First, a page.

Recipe: Vacuum Sealer Beet-Cured Gravlax
It’s funny how time time has a way of changing things.
For a brief half year, I lived surrounded by the fjords and mountains of Norway’s southwestern coast. Some nights were so long each moment of sunlight breaking through clouds was a treat. I left when the sun stayed in the sky so long I thought I was trapped in a little pocket of time. And as much as the vistas were breathtaking, the people unforgetable, and my experiences unique I couldn’t help but hope for home as I was there.
Now, nearly a decade later, it’s a different story. All of those moments - the highs and the lows - I look back upon fondly. Where I once swore to never return I now plan on one day exploring once more. Until that day comes, food lets me visit the Nordic countries one bite at a time.
Gravlax is one of my favourite Scandinavian treats. With simple ingredients - and a just little time to smooth its flavours - gravlax is also the easiest luxury to make at home.
I’ve tried dozens of recipes over the years. The most traditionally accurate call for two fillets of fish - preferably from opposite sides of the same fish - liberally cured with salt and sugar and sandwiched skin-side out around a core of herbs and spices. It’s then tightly wrapped with cling film and popped into the fridge with a weighted object on top to help expel moisture.
There’s a couple issues with this. First, finding perfectly fitting pieces of fish can be a pain. Second, the resulting liquid squeezed from the product leaves a sticky, fishy-smelling mess to clean.
We’re going to solve this with a little bit of kitchen tech: a vacuum sealer. With it, there’s no need to find a perfectly fitting second fillet to keep the dry brine against its flesh. I’ve also found that the vacuum applies an acceptable amount of pressure to help press moisture out of the fish, resulting in a perfectly firm mouthfeel. And all of that liquid? It stays in the bag, away from the rest of the fridge.
Finding the right amount of salt and sugar to use is up to personal preference. We’re using a 1:1.5 sugar to salt ratio that I’ve poached from Serious Eats for the dry brine. It’s the best I’ve used: not overpoweringly sweet, nor too salty. We’ve found that a 10% dry brine yields the perfect gravlax texture and flavour: perfectly firm and silky, with a flavour that still highlights the fish. Make sure to use a scale for this recipe.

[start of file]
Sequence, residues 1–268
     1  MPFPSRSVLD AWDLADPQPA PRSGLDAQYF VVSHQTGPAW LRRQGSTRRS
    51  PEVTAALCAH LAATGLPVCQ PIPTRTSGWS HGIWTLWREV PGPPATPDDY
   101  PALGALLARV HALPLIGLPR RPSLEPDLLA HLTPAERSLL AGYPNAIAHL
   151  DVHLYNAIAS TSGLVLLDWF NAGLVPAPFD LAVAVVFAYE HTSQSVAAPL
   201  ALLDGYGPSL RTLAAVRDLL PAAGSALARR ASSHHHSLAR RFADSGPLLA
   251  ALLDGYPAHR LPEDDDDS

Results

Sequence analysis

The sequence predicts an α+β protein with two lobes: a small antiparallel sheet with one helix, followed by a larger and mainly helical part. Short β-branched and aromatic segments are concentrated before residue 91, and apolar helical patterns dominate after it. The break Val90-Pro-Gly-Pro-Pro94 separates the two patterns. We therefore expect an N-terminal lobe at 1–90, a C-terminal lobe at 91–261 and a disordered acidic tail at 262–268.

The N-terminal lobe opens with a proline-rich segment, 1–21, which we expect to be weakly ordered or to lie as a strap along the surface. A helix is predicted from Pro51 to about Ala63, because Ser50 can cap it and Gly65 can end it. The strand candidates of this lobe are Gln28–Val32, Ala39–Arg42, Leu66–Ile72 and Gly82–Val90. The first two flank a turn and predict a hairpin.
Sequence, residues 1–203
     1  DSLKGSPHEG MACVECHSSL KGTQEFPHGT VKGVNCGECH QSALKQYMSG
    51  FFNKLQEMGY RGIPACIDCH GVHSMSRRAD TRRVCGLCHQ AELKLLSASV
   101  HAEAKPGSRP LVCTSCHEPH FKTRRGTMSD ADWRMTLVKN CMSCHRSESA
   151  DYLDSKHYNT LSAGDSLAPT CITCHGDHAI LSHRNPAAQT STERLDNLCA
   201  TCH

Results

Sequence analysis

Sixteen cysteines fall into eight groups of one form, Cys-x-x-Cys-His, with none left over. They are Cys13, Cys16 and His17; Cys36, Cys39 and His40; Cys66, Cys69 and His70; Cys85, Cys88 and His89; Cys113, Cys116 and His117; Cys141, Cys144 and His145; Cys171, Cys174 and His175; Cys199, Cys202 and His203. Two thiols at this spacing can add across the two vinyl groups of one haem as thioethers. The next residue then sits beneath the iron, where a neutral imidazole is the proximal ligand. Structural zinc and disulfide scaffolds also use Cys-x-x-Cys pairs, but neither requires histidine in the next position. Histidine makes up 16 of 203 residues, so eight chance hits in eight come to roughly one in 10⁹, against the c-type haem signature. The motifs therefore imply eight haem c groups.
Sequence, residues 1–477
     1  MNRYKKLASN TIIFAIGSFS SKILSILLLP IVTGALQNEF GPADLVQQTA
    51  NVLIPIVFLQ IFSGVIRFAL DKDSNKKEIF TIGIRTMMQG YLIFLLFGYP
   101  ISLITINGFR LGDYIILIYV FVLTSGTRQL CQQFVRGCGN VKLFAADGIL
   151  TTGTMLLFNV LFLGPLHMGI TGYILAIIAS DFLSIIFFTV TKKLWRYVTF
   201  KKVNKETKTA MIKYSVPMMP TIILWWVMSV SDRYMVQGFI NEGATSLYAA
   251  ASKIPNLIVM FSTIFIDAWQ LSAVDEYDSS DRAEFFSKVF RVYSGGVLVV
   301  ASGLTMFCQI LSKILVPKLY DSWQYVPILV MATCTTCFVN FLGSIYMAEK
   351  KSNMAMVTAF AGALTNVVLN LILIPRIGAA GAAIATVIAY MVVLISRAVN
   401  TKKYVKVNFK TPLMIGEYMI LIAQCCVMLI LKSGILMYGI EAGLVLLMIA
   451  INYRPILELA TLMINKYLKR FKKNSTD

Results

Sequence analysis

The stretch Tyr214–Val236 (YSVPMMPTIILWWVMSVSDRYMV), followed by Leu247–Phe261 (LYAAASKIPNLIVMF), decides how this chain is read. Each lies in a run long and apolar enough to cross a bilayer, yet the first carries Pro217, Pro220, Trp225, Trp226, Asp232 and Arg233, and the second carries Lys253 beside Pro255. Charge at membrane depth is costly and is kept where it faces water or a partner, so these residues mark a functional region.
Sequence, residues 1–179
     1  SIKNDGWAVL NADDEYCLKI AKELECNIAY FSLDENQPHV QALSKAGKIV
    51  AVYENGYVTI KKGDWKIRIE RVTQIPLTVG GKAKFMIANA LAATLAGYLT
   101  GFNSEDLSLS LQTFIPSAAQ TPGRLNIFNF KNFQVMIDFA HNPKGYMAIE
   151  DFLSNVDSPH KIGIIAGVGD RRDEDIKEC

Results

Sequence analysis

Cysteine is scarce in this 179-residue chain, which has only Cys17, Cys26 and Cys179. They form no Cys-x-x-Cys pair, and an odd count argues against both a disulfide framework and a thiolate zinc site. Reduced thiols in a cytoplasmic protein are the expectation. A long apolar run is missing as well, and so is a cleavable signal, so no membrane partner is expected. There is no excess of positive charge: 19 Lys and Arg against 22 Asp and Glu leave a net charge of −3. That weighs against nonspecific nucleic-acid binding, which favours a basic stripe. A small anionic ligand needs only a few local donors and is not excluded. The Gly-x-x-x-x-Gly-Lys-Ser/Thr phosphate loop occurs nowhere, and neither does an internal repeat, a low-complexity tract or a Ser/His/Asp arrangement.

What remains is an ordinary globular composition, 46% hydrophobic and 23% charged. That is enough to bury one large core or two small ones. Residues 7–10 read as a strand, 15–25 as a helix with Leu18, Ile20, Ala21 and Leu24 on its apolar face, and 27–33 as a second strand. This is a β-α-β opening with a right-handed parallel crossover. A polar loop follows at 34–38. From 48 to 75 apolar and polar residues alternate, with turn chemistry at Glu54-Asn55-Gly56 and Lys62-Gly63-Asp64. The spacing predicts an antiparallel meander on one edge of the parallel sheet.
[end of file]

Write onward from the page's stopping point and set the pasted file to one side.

Once you’ve gotten a hang of the base recipe, branch out and play with flavour combinations. Freshly-ground caraway seeds, juniper berries, or white pepper would all be fine additions to your gravlax. You could also try adding citrus zest, or playing with the fresh herbs used. And, while we use fresh Atlantic salmon for this recipe, any salmonid works well; try arctic char or trout for a different texture and flavour.
Finally, there’s a matter of how to serve your gravlax. Sliced thinly on a diagonal, it’s the perfect topping for open-face sandwiches (known as smorrebrod), atop rye crackers with a dollop of fresh cheese and capers, or simply alone with a shot of well-chilled aquavit.
Recipe: Beet-Cured Salmon Gravlax
- 454g salmon fillet
- 18g white sugar
- 27g kosher salt
- 1 bunch dill
- 1 small beet, grated (optional)
Start with a good piece of sashimi-grade salmon. Ask your friendly fishmonger for a skin-on fillet piece with the pin bones removed.
Combine salt and sugar together in a small mixing bowl, then liberally apply to both sides of the fish. Working with such small quantities can be a pain; we recommend mixing a larger batch of gravlax brine for future use.
Completely cover the flesh side of the fish with grated beetroot. This is an optional step, but imparts a lovely magenta hue to the finished product.
Cover liberally with fresh dill fronds.
Using wax or parchment paper, fold fish into a little parcel. This will help you manage the fillet as you put it into the vacuum seal bag, as well as prevent any unsightly impressions from the sealing process.
Place a wad of folded paper towel into bottom of vacuum sealer bag, followed by fish. Seal, then place in refrigerator for two to three days.
Remove gravlax from package. Discard paper, herbs, and beet and rinse well. Pat dry and serve sliced thinly. Gravlax will keep sealed and refrigerated for roughly a week, though we expect you to finish it well before then.
Words by Nicholas Wong. Photos by Abhishek Dekate.